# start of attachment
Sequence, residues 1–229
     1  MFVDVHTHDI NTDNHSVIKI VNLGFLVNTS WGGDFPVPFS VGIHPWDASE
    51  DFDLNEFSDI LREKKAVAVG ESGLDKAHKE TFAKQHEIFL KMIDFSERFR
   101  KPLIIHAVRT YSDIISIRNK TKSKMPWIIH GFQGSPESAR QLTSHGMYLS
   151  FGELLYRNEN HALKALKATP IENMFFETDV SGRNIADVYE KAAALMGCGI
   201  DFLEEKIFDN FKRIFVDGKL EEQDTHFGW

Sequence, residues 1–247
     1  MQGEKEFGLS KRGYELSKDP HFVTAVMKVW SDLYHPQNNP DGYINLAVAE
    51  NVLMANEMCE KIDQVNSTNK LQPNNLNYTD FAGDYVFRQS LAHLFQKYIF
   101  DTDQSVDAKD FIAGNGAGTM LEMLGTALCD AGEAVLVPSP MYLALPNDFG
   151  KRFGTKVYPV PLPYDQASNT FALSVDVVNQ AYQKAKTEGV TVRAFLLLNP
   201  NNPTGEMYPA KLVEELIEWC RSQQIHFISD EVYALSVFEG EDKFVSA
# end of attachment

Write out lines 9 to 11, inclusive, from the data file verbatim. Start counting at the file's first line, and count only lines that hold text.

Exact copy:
    51  NVLMANEMCE KIDQVNSTNK LQPNNLNYTD FAGDYVFRQS LAHLFQKYIF
   101  DTDQSVDAKD FIAGNGAGTM LEMLGTALCD AGEAVLVPSP MYLALPNDFG
   151  KRFGTKVYPV PLPYDQASNT FALSVDVVNQ AYQKAKTEGV TVRAFLLLNP